YOU can take Silk at this modern house elevated above Clonakilty town in West Cork: Silk Lodge’s interior and design touches are top drawer.
It is a recently-built family home, belonging to a couple both steeped in the architecture and design line, so the quality of what’s been done is almost a given.
And, it can be yours for around the €500,000 mark, the figure quoted by estate agent Terence O’Leary of Property Partners O’Mahony Walsh in Cork city and Ballincollig who’ll have to travel to the coastal town for viewings (he knows the route, having doing lifeguard duty on nearby Inchdoney beach in 1990, actually saving a life during his spell on duty). Just a week on the go, he says it is getting local and far-flung interest, including calls from Dubliners looking for a holiday home.
It may also get a Department of the Marine civil service relocation fillip.
It’s a four-bed detached dormer, with a thoughtful and calming interior and careful workmanship a few minutes’ walk from the town.
The house was built by architectural technician Aidan O’Donovan, a West Cork local, and his wife Elaine, who jointly run the five-person strong Construction Design Services in Clonakilty.
They’re selling up Silk Lodge, which is also home to their three boys “for lifestyle reasons,” as they hope to trade down a bit locally and to pick up an overseas holiday home as a work-life balance.
Their company has a nice line in tasty dormers, catering for local planning stipulations, and there’s a good chance that if you’ve admired one in the area, it comes from their drawing tables.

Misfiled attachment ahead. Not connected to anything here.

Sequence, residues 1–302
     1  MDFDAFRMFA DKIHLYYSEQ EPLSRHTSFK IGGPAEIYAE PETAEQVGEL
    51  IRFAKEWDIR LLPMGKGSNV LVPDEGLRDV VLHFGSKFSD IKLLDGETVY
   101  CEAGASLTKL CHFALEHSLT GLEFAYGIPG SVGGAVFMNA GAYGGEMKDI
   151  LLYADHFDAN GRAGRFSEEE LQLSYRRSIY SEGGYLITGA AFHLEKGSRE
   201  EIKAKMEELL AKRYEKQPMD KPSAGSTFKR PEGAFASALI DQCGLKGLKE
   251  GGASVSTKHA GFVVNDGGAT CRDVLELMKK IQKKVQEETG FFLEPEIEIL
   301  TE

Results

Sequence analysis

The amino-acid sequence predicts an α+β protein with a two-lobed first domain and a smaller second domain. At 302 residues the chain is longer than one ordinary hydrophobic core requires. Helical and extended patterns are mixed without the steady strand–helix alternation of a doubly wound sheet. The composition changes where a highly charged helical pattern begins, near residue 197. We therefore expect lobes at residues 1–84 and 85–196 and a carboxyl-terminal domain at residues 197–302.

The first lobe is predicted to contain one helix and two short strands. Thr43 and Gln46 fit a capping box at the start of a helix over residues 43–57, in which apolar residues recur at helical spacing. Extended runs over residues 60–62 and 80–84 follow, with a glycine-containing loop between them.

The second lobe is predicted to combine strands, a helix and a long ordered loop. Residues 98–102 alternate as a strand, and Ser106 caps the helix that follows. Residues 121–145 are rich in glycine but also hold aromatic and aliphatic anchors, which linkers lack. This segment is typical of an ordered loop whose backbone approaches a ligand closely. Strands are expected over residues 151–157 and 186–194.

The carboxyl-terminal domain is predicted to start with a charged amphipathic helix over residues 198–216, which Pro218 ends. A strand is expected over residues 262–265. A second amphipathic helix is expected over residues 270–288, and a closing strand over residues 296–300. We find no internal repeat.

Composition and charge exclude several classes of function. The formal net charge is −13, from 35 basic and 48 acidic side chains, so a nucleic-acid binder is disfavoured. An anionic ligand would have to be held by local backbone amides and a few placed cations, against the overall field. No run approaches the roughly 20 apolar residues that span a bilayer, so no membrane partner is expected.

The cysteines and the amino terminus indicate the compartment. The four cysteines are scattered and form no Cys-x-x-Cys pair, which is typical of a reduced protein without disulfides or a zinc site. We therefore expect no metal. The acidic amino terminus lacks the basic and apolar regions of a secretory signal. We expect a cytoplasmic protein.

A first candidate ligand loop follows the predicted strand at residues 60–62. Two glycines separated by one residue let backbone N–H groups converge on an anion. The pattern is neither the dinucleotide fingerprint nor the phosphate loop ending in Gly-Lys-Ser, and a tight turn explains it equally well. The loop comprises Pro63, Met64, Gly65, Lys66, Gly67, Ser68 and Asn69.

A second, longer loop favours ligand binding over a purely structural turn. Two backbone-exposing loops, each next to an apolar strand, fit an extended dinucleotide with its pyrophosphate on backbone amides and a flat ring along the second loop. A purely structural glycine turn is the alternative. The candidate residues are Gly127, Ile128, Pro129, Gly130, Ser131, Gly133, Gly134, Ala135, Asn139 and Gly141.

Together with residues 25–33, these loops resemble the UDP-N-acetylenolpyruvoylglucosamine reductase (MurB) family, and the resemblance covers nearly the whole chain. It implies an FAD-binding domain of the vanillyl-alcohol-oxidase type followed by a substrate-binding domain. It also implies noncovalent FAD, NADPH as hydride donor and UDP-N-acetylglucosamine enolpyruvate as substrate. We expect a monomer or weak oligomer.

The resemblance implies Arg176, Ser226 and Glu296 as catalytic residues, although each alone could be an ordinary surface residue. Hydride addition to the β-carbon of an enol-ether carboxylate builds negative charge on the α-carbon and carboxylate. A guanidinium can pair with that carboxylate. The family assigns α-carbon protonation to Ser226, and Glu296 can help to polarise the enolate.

Their own house, Silk Lodge, on the Clonakilty-Shannonvale road by the entrance to a cluster of detached dormers they designed, featured in the glossy interiors magazine Ireland’s Homes and Interiors, which stressed their design style mixing contemporary with traditional.
The interior is probably more contemporary than the stone, wood and render exterior, but is done with local labour and craftmanship in a way that won’t date as quickly as some faddish looks: in fact, the more you look at the detail, the more satisfying this house gets.
The changes start from the front door inwards, with a high hall ceiling zig-zagged in concertina-ed angles, setting a lofty tone for the rest to follow, and floors are a mix of tile and timber, with a curving stainless steel strip delineating the two broad halves of the ground floor here. Off to the right is an 18’ by 11’ sitting room with raised and curved fireplace and chimney breast, and there’s garden access off to back via painted French doors.
Across the open hallway is the main family living space, with a 19’ by 14’ dining/living/entertainment/chill-out room, with expansive quality timber shelving, smart pendant and back-up lighting, and glass blocks are used almost as sentries in a restrained way to mark out this space from the superb, cook’s dream kitchen.
It mixes maple with stainless steel and glass, appliances are Miele, and wall units are extra high, flush to ceiling, to get rid of that ‘dead’ space and dust catching area on top of the usual run of units. There’s a highly practicable central island for serving and sitting around. It is a real easy-going entertainment space, too, so it is handy to have garden access from here as a party spill-over space.
Other ground floor rooms include a guest WC and a utility which houses the central vacuum system, while overhead are four bedrooms, three of which are good doubles and some have distant harbour views. The main family bathroom is well-done too, with Sottini ware, extensive pale mosaic tiling, wall-mounted suite, bath and separate shower with glass block screen.
Decor ideas and items come from Ikea to Dunnes Stores, from trendy Mimo in Cork and the internet.
There are good private back gardens, with play areas and organic veg patch, sloping landscaped front garden, plenty of parking and Clon’s bars, shops, restaurantse are a few minutes trot downhill.
Then, there are beaches, boats, golf, walks, fishing and more.